Alive by Mehga Mazumdar

Girl at the Piano (The Overture to Tannhauser), Paul Cézanne 




MEGHA MAZUMDAR (she/her/hers)
Megha is a student of St. Xavier’s College, Kolkata, India, currently pursuing her post-graduation in English Literature. Apart from this, Megha is the Publications Head of the journal, The Renaissance, India. She has been published in various national and international journals, where she has contributed both as a creative writer (through poetry and articles) and as an academician. Megha has presented a handful of papers all over India, her recent ones being on South-Asian Canadian Diaspora, Eco-Feminism, and Women’s Criminology in Victorian England. She is also a winning contributor of an essay competition (June, 2021) on Indian Diaspora arranged by TMYS, India in collaboration with the University of Birmingham. She is still active with a couple of her publications, awaiting on Flood and Natural Calamities. Megha is a silver-medallist and a holder of the All-Rounder Award from AMITY University, Kolkata, for her excellent academic and extra-curricular capabilities, as portrayed during her under-graduation. 

Alive

Tuning in to some volatile Rhapsody
I made in the winter of ’59. On a 
Solitary piano, with a mind
As barren as the cocoon, after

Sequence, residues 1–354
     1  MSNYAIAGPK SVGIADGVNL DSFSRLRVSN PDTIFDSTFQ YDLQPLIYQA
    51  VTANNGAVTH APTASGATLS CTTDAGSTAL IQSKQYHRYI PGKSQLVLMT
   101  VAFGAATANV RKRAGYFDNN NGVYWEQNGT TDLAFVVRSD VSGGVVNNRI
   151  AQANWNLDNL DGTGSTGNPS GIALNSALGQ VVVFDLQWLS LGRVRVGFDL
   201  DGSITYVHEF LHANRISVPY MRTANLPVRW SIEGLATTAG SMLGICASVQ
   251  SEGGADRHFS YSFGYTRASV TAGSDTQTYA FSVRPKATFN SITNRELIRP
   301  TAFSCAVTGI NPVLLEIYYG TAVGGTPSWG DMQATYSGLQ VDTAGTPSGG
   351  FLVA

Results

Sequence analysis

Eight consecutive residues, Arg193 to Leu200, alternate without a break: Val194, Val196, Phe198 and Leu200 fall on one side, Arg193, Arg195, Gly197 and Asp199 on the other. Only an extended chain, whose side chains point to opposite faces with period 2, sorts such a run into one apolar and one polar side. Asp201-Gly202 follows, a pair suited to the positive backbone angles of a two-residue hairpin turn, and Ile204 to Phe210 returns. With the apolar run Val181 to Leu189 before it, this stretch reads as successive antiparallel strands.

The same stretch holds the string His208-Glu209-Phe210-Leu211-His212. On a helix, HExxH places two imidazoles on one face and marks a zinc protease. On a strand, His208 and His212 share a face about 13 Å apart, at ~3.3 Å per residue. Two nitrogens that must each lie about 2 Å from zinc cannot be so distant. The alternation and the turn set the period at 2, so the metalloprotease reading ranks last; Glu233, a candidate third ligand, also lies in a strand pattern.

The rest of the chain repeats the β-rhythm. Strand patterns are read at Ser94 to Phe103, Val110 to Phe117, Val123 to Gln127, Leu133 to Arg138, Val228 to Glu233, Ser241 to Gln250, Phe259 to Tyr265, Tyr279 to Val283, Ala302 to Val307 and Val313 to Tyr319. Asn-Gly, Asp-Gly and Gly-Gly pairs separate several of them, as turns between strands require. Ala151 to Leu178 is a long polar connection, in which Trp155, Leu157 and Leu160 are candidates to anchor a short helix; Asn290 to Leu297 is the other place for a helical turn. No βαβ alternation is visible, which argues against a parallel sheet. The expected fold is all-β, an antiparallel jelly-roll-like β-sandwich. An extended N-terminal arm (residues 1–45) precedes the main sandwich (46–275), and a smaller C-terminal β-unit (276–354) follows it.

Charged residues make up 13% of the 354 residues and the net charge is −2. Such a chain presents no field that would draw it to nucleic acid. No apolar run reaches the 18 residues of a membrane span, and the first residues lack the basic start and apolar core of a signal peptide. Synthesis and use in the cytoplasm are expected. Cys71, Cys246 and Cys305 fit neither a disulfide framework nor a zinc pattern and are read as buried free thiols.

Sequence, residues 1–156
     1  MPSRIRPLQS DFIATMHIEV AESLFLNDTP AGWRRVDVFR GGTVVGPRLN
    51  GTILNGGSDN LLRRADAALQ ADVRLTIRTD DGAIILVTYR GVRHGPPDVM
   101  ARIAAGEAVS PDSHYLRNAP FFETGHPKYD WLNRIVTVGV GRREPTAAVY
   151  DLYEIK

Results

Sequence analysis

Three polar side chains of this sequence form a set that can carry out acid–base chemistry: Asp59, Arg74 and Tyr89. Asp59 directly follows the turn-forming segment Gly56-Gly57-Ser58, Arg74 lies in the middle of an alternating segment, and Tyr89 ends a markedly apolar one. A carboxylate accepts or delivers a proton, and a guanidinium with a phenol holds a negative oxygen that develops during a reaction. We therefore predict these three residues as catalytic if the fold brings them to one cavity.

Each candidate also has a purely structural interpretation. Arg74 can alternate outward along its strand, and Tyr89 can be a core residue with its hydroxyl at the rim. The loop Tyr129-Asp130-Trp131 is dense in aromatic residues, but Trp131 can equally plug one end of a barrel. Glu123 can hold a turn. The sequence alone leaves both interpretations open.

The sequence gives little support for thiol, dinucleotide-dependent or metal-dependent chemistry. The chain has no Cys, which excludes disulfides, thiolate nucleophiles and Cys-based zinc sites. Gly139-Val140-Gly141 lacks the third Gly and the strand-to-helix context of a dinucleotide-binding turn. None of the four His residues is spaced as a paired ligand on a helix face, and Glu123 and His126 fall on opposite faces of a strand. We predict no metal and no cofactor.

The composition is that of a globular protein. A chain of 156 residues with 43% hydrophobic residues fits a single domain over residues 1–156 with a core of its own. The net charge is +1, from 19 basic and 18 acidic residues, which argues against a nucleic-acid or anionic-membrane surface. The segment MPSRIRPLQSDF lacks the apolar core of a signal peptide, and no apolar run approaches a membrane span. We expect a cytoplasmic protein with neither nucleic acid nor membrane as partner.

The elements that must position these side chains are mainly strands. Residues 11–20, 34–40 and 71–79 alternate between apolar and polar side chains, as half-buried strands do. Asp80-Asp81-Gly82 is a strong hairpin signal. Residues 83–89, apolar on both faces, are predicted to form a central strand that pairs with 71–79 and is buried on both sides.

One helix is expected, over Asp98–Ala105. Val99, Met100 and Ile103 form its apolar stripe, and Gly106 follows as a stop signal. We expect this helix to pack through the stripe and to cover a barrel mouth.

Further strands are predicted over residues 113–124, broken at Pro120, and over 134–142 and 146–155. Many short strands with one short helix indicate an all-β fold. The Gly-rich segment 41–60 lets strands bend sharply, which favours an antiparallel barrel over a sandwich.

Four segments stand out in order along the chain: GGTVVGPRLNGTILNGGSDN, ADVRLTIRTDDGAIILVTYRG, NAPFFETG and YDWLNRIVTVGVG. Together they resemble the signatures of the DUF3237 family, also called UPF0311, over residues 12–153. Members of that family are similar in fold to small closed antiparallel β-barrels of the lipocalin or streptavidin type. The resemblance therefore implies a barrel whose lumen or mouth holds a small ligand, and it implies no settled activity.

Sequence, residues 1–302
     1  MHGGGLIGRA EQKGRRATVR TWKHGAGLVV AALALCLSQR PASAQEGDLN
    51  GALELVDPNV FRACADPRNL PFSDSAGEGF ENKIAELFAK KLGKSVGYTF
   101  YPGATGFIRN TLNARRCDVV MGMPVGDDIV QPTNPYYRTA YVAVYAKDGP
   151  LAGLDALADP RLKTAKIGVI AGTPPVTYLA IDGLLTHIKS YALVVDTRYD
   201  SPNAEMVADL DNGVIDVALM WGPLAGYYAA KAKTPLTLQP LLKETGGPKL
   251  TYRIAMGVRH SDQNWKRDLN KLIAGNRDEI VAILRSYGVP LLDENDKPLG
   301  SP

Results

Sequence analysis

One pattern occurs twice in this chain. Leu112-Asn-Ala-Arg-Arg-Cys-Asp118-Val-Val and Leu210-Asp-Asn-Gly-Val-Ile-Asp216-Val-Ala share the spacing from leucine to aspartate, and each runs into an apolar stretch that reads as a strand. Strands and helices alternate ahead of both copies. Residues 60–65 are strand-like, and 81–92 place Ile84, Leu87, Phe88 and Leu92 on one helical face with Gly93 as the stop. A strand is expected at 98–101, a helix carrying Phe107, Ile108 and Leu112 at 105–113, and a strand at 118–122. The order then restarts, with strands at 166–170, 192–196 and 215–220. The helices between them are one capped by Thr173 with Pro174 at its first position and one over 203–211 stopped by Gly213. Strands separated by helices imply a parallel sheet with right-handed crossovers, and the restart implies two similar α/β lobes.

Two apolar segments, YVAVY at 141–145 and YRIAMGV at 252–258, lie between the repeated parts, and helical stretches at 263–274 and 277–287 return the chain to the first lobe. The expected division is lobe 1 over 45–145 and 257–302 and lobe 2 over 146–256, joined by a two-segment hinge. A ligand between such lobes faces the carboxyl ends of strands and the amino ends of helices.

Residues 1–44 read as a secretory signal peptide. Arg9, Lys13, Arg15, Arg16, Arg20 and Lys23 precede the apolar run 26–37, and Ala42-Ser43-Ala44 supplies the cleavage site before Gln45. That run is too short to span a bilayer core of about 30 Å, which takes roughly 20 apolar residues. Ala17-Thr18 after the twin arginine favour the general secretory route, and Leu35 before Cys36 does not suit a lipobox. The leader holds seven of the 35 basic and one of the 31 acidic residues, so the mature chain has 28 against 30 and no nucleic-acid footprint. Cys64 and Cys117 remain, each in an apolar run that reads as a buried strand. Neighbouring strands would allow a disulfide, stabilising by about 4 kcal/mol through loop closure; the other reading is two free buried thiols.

The moth flies away. 
This mind shudders, alike,
The flame of a drowsy candle, white.
But barren, like the
Sahara on an eclipse night.

The Rhapsody measures
Stressed anonymity, mind,
My love, it’s tuned with a barren mind
But it measures the tyranny in my index,
The mini minutes of momentum 
In my thumb. 
A mind, barren. A body, alive.

It measures the escape of 
The mind, barren like your sweater,
Deprived of you.
The escape in the obtuse-ness of my thighs,
And the rigorous tightening of my belly,
The Rhapsody measures clenched breaths
In quarters. 
Secures resonating applauds,
Enough to crack through the mind, 
Barren like the 622nd street,
At 5 in the dawn,
With a silhouette, receding afar-
The arms hang loose, 
Of a clutch they have escaped.
Minds, barren. Bodies, alive.

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